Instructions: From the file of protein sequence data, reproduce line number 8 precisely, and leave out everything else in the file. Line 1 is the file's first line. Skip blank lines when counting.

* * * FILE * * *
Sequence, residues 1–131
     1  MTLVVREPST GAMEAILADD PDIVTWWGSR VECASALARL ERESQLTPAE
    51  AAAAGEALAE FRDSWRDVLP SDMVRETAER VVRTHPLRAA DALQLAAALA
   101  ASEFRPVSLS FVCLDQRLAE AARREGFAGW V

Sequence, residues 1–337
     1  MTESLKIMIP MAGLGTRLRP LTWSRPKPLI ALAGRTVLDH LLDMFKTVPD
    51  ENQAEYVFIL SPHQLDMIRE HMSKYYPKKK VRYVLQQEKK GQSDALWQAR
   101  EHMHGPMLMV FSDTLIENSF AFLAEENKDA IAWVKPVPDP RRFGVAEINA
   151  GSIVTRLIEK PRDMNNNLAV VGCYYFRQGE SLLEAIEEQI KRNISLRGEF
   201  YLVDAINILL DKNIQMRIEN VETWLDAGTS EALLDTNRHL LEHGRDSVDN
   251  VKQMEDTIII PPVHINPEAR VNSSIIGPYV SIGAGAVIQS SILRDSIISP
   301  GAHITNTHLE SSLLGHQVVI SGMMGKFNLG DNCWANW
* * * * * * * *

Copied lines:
   101  EHMHGPMLMV FSDTLIENSF AFLAEENKDA IAWVKPVPDP RRFGVAEINA